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Watchdog raps MoD over Qinetiq sell-off bonanza

Eyewatering Stealth raid by pinstripe execs

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The top ten led by Sir John Chisholm, who according to the NAO had pushed the deal through unopposed since the early years of DERA, scored no less than a two-hundred-fold payoff. Chisholm himself, putting down £130k, came out with a cool £25 million worth of shares. Three other executives are specifically named by the NAO: Graham Love, Hal Kruth and Brenda Jones, who made £20m, £13m and £11m respectively.

Much of Qinetiq's value-build in its three years before flotation could be said to have come from the MoD signing up to the 25-year gravy train partnering deal; a lot more came from a bunch of acquisitions in the States, which delivered nearly all the new revenue required to make Qinetiq profitable.

So actually, even 900 per cent for the smallfry seems a bit cheeky, although many won't have been able to get in on it. Twenty thousand percent payola for Chisholm and his top team seems grotesque. In NAO-speak:

We consider that the returns in this case exceeded those necessary to incentivise management.

Then, of course, there's the matter of intellectual property inherited by Qinetiq from DERA. As we noted this week, the company seems to be selling off all kinds of critical military secrets - not least the knowhow required to build stealth aircraft, and interesting spookery electronics.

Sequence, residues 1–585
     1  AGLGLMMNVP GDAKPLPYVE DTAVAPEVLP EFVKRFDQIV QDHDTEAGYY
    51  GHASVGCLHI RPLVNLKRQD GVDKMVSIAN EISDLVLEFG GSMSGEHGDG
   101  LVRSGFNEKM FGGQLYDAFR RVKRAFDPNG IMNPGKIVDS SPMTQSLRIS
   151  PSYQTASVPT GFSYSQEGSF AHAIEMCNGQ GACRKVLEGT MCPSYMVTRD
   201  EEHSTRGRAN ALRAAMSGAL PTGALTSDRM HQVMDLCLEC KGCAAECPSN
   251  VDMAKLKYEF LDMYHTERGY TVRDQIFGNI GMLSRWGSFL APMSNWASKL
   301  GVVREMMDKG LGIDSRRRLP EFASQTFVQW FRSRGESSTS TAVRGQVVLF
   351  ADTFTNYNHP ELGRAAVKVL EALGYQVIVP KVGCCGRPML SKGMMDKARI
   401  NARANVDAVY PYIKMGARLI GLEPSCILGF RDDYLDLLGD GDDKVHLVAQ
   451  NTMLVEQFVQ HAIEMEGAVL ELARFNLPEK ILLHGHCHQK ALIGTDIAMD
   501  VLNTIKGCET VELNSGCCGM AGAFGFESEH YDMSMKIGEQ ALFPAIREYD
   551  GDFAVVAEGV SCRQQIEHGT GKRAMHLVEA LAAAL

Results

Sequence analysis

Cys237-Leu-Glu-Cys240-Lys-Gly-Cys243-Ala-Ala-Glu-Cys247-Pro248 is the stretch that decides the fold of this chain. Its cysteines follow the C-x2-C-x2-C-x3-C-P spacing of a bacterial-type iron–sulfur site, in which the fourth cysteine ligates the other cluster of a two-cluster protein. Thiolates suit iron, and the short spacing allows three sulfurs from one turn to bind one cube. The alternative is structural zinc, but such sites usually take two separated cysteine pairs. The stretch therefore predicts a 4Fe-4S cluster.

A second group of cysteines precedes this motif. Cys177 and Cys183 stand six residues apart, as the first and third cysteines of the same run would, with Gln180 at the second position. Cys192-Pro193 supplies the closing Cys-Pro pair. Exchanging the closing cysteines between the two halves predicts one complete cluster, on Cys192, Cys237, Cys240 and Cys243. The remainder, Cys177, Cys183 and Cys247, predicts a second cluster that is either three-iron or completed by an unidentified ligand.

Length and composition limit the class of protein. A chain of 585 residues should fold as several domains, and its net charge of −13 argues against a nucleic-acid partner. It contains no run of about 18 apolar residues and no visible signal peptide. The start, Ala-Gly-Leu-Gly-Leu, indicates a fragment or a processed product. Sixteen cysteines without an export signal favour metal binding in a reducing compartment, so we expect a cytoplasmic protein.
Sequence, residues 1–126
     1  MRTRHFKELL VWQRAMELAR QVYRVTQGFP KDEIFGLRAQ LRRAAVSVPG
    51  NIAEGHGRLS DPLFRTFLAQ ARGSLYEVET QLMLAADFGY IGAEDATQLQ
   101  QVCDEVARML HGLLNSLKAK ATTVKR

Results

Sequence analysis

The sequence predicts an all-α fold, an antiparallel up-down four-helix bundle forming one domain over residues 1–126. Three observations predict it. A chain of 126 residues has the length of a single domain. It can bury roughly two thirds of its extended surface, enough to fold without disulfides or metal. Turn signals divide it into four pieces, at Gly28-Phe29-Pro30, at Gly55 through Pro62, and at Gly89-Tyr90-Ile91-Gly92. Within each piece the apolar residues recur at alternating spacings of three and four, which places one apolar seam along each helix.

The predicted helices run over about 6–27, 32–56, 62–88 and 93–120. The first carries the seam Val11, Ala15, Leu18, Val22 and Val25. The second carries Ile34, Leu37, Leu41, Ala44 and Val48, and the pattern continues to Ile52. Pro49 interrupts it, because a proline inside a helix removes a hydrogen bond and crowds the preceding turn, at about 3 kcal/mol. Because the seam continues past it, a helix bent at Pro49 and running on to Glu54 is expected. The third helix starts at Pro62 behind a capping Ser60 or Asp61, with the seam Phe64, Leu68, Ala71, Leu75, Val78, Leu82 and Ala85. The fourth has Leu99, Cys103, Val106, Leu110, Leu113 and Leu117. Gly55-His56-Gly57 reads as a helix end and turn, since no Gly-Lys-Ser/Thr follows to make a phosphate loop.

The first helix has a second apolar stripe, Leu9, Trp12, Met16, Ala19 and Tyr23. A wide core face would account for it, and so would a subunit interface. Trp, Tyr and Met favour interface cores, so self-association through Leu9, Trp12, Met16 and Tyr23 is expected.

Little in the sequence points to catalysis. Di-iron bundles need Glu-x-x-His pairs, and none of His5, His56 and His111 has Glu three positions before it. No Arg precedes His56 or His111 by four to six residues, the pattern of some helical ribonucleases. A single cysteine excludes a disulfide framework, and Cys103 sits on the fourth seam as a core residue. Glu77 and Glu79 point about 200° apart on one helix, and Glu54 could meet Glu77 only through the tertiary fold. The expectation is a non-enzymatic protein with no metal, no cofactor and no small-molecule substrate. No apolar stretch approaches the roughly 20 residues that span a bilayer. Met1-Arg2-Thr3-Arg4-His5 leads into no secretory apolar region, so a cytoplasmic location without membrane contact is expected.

The MoD says, however, that all the best secrets were kept in the small part of DERA which stayed in the government under the name Defence Science and Technology Laboratories (DSTL). In particular, Blighty's valuable secret access to American military/spook tech (and America's use of crafty UK boffinry) was supposed to be safeguarded in this way, after "concerns expressed by collaborative partners in the US Department of Defense* over the sensitivity of privatising certain elements of DERA".

The NAO report isn't exactly reassuring on this:

Intellectual property relating to international collaboration projects was in most cases transferred to DSTL ... some of the concerns held by... the US Department of Defense* were addressed ...

Presumably a little thing like Stealth wasn't thought important enough to keep secret. Similarly, at least a few neat ideas employed by the British GCHQ and American NSA listening agencies seem to have been OK'd for sale. Or maybe the MoD's efforts to separate DSTL and Qinetiq just haven't worked in the real world. In most cases the secret government labs and the privatised company ones share sites, and boffins can simply walk in and out of each other's offices, canteens etc; though the MoD swears blind that at least they don't share IT systems or buildings anymore.

All in all, another masterful bit of work by the MoD, one really has to say. They didn't just sell off all our secrets and a lot of our assets and get (us) brutally shafted on the deal. They seem to have sold an unknown number of American secrets too, and created a perpetual, leaky, revolving back door through which more critical secret tech can dribble out. ®

*One notes that the US DoD includes the National Security Agency (NSA), the US government's primary code-cracking and comms intercept outfit. The UK equivalent is GCHQ, which is under the Foreign Office along with the spies. It is sometimes said that the NSA has actually been able to learn a few tricks from British electronic spies in recent times.

Internet Security Threat Report 2014

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